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This week the Justice Department encouraged people sent to prison under tough old drug laws to apply for clemency. The Senate Judiciary Committee also advanced a bill that advocates call the biggest sentencing reform in decades. Justice correspondent Carrie Johnson speaks with NPR's Rachel Martin
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I recently was invited to testify before the PA House of Representatives Committee on Government Operations, which held a hearing Wednesday 7/17 on various proposed changes to the PA Right to Know law which permits citizens access to most government records. The proposed change would have barred anyone with a PA felony conviction from ever getting certain information under this law, and I offered the following, first pointing out that I was a private citizen and not a spokesperson for CRESC:
Testimony of James L. Cavenaugh on HB 480 Session of 2013 Amending the Right-to-know Law July 16, 2013
I am asking that the House State Government committee, as it considers HB 480, consider who is a felon and how the Commonwealth wants to treat these people. As an active member of the Capital Region Exoffenders Support Coalition (CRESC, details at http://www.reentrynow.org/index.html ) I have gotten to know many people who have felony convictions and yet have changed a great deal. They have become businesspeople, taxpayers, and leaders. In short, they are people who strengthen and improve our society. For example:
John W. Jackson has been home seven years. In that time he has found a good job, is active in his church and has founded a faith-based non-profit which raises money for scholarships so children in the Harrisburg schools may go on to higher
Vladimir Beaufils has been President of our Capital Region Exoffenders Support Coalition for several years. He is the founder and Executive Director of Sound Community Solutions (details at http://www.soundcommunitysolutions.org/ ) and serves as a
consultant to small businesses and nonprofits.
Marsha Banks is founder and Executive Director of Amiracle4sure (details at
http://www.amiracle4sure.org/) which helps women and men coming out of prison by mentoring them.
Laws like this proposal, to limit the rights of felons, are based on a view that says once you’ve been to prison you will never change for the better and you will
never reenter society. They arise from a ‘lock them up and throw away the key’ mentality. The felons I know are ready to admit that they made mistakes in the past, and they have paid the penalty of incarceration, job loss, weakened family ties. They have worked hard, found strength through faith, and become people I am proud to know and consider a friend. They have changed their lives and are working to help others make those same changes.
But who among us has not made mistakes when we were young, mistakes that in some cases could have gotten us on the wrong side of the law.
Have we changed since those days? I think so. So each of us can support
the idea that change is possible.
Sadly, our prisons are overflowing because of the ‘lock them up and throw away the key’ approach to dealing with people who break the law. But since our commonwealth’s Secretary of Corrections has said repeatedly ‘we cannot build our way out of this,’ he clearly does not share that mentality. He is putting PA tax
money to work to help reentering exoffenders, and our coalition is proud to be
part of the effort to help these reentering citizens do so successfully. As
Sec. Wetzel has stated on many occasions, 95% of those incarcerated in PA will
be released. It is in our best interest that they reenter
When this happens, the result is less crime and more taxpayers – a result I think this committee can support.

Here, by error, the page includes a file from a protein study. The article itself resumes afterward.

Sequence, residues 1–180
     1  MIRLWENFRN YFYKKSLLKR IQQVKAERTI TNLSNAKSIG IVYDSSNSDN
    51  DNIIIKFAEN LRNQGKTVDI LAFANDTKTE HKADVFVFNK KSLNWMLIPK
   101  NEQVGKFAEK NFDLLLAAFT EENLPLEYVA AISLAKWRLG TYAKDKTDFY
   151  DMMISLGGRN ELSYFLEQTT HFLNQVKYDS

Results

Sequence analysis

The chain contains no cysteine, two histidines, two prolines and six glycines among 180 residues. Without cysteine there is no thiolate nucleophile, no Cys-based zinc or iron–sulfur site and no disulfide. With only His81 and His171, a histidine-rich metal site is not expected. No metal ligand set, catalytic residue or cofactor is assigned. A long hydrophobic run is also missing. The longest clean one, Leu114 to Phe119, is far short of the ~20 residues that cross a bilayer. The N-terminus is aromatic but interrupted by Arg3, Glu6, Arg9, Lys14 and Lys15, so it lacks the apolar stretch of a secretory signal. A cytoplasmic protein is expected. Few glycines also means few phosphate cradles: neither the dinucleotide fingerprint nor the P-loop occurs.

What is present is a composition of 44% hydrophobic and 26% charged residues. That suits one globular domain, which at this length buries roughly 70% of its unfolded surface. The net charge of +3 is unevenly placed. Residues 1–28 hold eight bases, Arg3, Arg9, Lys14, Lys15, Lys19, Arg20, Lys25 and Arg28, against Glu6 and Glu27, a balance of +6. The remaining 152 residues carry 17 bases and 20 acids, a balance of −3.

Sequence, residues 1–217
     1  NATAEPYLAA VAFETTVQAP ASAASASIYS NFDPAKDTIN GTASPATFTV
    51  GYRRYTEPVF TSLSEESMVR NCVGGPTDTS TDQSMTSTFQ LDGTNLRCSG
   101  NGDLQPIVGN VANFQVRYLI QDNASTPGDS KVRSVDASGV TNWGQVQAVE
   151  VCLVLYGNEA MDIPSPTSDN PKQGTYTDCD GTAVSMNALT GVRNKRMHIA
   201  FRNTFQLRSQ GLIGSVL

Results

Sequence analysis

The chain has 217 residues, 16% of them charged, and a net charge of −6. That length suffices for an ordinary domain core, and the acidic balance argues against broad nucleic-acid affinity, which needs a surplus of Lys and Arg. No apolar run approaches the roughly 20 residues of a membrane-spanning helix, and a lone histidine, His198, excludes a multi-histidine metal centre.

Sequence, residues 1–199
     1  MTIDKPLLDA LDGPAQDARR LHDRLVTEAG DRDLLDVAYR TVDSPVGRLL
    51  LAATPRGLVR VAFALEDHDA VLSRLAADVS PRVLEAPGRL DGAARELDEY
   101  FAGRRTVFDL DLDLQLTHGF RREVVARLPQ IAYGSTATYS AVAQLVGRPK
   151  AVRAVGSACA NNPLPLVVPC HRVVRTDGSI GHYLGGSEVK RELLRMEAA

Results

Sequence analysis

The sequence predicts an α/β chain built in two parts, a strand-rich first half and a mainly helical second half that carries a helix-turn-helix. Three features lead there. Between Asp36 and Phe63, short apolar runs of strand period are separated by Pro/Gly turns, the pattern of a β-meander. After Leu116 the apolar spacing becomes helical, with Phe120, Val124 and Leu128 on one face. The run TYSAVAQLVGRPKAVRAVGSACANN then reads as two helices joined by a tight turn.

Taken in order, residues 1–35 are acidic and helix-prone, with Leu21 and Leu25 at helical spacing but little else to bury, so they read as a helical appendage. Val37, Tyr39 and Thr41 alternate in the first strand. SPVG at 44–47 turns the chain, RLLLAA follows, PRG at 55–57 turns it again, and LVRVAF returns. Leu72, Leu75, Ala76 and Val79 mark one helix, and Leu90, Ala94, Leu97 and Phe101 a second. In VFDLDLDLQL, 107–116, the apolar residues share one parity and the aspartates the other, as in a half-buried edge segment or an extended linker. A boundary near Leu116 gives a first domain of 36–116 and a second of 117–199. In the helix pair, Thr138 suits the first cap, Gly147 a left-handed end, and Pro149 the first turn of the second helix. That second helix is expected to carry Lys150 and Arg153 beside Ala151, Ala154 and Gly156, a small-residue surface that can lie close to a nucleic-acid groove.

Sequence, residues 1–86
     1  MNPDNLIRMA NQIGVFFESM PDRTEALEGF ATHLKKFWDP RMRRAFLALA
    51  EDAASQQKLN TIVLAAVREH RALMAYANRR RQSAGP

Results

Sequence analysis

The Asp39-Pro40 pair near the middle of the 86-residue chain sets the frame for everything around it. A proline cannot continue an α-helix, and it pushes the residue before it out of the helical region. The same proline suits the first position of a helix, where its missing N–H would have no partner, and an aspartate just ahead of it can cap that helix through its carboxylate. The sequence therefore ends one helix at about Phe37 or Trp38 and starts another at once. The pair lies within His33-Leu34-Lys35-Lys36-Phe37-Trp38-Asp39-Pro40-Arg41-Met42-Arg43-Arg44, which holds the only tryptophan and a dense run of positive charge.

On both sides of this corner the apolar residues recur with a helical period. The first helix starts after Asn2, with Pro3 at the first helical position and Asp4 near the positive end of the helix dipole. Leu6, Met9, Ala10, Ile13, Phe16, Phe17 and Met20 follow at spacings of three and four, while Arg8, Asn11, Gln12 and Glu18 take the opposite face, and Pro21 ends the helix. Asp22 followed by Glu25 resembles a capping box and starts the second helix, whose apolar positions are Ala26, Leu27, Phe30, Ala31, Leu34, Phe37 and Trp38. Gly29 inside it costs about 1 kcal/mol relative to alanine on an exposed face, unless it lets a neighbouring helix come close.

There are many laws in existence that penalize felons regardless of the changes they may have made, and these make it difficult for people coming out of prison to find housing, find jobs, and a new life.
I ask that this committee not add to the burden these reentering citizens face by approving HB 480
The Papillon Foundation is a 501(c)(3) charity which helps indigent
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If we can assist your organization in furthering its mission, please add our
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PO Box 338
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Paul McEnroe published an article in Star Tribune of the Twin Cities. He found that "inmates who get regular visits are 13 percent less likely to wind up back in prison because of new felonies and 25 percent less likely to commit probation violations that would put them back behind bars." The frequency of visits is also associated with lower rates of recidivism. There are exception, however. Visits by ex-spouses are associated with higher rates of recidivism.
You can read the full article here.
When the State of Arizona projects how many prison beds it will need, it factors in the number of kids who read well in fourth grade (Arizona Republic (9-15-2004)). Evidence shows that children who do not read by third grade often fail to catch up and are more likely to drop out of school, take drugs, or go to prison. So many nonreaders wind up in jail that Arizona officials have found they can use the rate of illiteracy to help calculate future prison needs.
Low literacy is strongly related to crime. 70% of prisoners fall into the lowest two levels of reading proficiency (National Institute for Literacy, 1998).
Low literacy is strongly related to unemployment. More than 20% of adults read as or below a fifth grade level – far below the level needed to earn a living wage.
Literacy statistics and juvenile court
The majority of youth involved with the juvenile justice system have a diagnosable mental health disorder. Furthermore, recent research demonstrates that many youth in the juvenile justice system have experienced traumatic victimization and exhibit symptoms of trauma. This webinar will summarize the current state of knowledge regarding this population. It will review:
The webinar, supported by the U.S. Department of Justice, Bureau of Justice Assistance, will be held from 2:00-3:00pm (ET) on Thursday, August 25, 2011. To register for the webinar, click here.